Decolonizing the narrative about Indigenous people

By Holly Feola & Katie Peters – Opinions Editor and Co-Editor-in-Chief

Lasell’s Peace Pole, installed in 2013 for International Day of Peace, stands as a “symbol of the community’s dedication & commitment to peace.”
Photo by Katie Peters

For decades, the second Monday of every October in the United States has been reserved as a way to pay tribute to Christopher Columbus’s arrival in the Bahamas. The holiday named after this Italian colonizer has since become a controversial subject. 

Many Indigenous Peoples’ groups have spoken up about what the European settlers put their ancestors through, and are pushing for the name to be changed to Indigenous Peoples’ Day.

Lasell has already made the change. Monday, October 12 marked Lasell’s second Indigenous Peoples’ Day. Their formal recognition of Indigenous Peoples’ Day symbolizes its support for decolonizing history. Centuries ago, the Boston area was home to the Pawtucket, Massachussett, Nipmuc and Wampanoag peoples.

While COVID-19 has made hosting events different from years past, The Donahue Institute still hosted a virtual presentation by Jordan Clark about decolonizing history relating to Indigenous people on October 1. Clark is the Director of Student Programs for Equity & Inclusion at the Cambridge School of Weston and is a member of the Wampanoag Tribe. 

“Decolonizing history is having us rethink how we learn and what we learn to incorporate other voices,” said Clark. “Part of the process is understanding where that system has failed individuals, and then grow from that and look for the new voices that are going to help build a better kind of worldview and understanding.”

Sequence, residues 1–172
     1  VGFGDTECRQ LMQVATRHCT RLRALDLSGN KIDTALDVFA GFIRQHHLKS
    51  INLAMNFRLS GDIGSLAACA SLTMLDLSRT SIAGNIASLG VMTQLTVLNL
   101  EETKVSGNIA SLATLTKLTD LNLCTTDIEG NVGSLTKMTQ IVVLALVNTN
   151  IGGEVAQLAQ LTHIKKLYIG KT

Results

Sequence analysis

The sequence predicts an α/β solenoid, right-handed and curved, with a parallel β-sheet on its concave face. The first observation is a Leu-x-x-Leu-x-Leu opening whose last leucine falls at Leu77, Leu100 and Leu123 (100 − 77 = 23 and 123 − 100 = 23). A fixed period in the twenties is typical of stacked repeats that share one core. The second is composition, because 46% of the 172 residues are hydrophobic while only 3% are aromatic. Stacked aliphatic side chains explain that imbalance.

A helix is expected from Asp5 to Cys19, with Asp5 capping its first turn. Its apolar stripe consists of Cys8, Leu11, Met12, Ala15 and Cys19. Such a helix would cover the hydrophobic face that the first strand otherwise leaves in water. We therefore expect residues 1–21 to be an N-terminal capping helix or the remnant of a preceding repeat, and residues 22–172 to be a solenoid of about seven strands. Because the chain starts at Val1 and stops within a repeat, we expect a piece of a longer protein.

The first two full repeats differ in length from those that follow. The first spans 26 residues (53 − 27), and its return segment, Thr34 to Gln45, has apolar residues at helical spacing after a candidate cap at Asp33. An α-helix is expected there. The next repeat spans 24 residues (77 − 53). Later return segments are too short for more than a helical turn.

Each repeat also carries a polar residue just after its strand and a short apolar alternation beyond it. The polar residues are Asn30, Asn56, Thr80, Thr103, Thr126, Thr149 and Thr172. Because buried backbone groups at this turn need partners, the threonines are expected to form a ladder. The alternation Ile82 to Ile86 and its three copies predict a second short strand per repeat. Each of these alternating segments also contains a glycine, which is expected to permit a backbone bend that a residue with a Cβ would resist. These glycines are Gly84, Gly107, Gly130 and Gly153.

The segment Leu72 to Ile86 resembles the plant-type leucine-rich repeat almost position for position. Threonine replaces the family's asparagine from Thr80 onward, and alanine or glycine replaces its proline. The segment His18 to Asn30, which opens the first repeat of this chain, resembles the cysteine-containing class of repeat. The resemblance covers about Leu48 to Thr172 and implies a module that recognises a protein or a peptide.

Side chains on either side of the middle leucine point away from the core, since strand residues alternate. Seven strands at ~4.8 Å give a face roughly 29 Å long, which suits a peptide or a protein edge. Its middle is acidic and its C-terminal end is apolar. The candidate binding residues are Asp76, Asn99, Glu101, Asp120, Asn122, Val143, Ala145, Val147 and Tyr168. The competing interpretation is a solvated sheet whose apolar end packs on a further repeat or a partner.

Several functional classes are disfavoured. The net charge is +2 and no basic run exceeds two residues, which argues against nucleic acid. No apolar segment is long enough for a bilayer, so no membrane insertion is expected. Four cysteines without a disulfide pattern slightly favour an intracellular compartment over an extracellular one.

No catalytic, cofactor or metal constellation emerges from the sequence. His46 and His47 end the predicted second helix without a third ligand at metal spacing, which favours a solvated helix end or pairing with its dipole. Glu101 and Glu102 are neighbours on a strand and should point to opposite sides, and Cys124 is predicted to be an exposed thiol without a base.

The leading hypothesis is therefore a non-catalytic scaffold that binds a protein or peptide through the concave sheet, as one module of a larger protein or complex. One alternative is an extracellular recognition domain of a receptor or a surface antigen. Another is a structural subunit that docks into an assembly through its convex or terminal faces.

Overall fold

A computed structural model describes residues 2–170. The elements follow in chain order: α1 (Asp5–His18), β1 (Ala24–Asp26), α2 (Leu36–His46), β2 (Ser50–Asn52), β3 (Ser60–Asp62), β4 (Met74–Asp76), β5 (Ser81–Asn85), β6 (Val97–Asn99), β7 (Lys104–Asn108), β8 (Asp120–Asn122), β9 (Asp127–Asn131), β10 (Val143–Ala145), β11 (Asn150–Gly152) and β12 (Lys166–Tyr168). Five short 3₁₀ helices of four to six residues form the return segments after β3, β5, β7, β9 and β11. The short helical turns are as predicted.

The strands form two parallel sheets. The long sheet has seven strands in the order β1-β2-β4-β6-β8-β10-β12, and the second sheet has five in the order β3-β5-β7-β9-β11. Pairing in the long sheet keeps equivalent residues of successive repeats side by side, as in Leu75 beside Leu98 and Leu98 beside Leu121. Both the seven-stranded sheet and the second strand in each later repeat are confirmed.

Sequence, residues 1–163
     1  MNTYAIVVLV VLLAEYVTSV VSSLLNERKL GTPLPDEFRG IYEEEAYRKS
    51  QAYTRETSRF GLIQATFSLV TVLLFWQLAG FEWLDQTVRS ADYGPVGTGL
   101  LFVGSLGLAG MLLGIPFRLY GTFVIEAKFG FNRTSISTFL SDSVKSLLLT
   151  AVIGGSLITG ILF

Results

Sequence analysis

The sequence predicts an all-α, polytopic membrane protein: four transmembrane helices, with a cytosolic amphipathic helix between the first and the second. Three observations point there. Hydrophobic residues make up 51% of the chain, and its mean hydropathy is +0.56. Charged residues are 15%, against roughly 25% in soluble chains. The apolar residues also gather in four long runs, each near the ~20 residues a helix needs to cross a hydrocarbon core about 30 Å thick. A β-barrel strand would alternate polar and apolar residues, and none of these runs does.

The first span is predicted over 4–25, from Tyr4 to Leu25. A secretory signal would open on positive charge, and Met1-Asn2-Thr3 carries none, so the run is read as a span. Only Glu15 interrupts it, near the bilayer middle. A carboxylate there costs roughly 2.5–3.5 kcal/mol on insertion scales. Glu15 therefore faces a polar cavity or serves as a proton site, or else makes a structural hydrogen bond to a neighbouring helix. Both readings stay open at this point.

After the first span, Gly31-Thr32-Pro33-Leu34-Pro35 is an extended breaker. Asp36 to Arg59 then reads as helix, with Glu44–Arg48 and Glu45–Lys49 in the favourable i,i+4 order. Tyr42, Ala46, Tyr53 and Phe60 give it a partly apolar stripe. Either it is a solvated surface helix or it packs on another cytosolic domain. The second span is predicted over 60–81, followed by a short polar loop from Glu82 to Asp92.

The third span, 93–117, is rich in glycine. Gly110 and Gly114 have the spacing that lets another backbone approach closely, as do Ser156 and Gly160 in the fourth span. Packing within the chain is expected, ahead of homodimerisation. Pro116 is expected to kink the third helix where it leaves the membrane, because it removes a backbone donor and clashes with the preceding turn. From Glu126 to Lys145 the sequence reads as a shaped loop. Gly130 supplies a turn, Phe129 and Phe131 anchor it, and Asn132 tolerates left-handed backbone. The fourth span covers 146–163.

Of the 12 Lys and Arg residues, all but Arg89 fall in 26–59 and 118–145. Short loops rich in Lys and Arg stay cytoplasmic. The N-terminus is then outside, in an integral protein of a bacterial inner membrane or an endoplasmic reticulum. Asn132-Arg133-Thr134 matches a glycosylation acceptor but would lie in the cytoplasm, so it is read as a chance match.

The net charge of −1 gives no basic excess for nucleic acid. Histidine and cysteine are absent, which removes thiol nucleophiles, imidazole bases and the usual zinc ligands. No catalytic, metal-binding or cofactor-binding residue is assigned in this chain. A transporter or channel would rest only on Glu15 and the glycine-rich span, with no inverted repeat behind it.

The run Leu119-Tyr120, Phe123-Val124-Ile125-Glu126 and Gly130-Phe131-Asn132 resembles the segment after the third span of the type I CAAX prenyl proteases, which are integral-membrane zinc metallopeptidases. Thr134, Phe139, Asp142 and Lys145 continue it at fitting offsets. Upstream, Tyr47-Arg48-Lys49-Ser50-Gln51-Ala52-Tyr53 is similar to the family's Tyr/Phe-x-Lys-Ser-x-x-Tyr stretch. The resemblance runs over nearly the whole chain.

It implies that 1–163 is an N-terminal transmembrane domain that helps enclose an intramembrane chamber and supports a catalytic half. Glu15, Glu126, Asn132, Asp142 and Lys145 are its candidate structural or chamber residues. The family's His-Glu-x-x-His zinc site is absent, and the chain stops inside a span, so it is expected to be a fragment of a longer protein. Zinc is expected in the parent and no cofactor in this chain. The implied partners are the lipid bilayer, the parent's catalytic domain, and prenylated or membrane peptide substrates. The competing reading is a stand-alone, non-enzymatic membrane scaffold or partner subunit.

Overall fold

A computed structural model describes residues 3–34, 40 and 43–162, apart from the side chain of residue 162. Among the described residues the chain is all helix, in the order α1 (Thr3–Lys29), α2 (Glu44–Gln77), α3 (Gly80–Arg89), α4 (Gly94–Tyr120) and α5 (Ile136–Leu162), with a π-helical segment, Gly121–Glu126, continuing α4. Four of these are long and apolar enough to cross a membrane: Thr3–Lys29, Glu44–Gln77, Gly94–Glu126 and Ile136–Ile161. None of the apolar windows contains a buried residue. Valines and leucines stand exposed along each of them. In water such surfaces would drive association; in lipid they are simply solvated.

Clark spoke on what has led to the misrepresentation of Indigenous People saying, “the existence of Indigenous people and Native Americans was an obstacle in the establishment of the United States and when you think about the history and of Indigenous people, it’s written by those who are trying to justify what happened.” As a result of this, Clark believes America gets “a singular narrative about a group of people in the stories and in the history that you learned.”

On Monday, October 12, Lasell students posted a video reacting to Christopher Columbus Was a Murderous Moron, a YouTube video by truTV and Adam Ruins Everything about misconceptions of Christopher Columbus. Student workers, seniors Ashaad Tillman and Alanis Perez-Rivera facilitated the project for the IC3.

When senior IC3 student worker  Nani Luciano Velez was asked about why Indigenous Peoples’ day is important she said, “I think Indigenous Peoples’ Day is important to celebrate because of the lives lost and the lives that were impacted by it.” In her opinion, changing the name of the day would not erase history and would stop the idolization of Columbus.

The discussion to change Columbus Day to Indigenous Peoples’ Day is not specific to Lasell, but is a conversation happening all over the country. Indigenous Peoples’ Day MA is a group of organizers and citizens who are passionate about this change. Their Newton chapter has spent the last two years trying to convince the City Council to officially change the name of the holiday.

On October 8, the organization published filmed testimony to make their case for the Mayor, City Council and community to change the holiday name. Speakers included Taino Newton residents, a historian and others from Indigenous Peoples’ groups and organizations.

On November 2, the Newton City Council will vote on whether or not to change the name of the holiday in city and school departments. 

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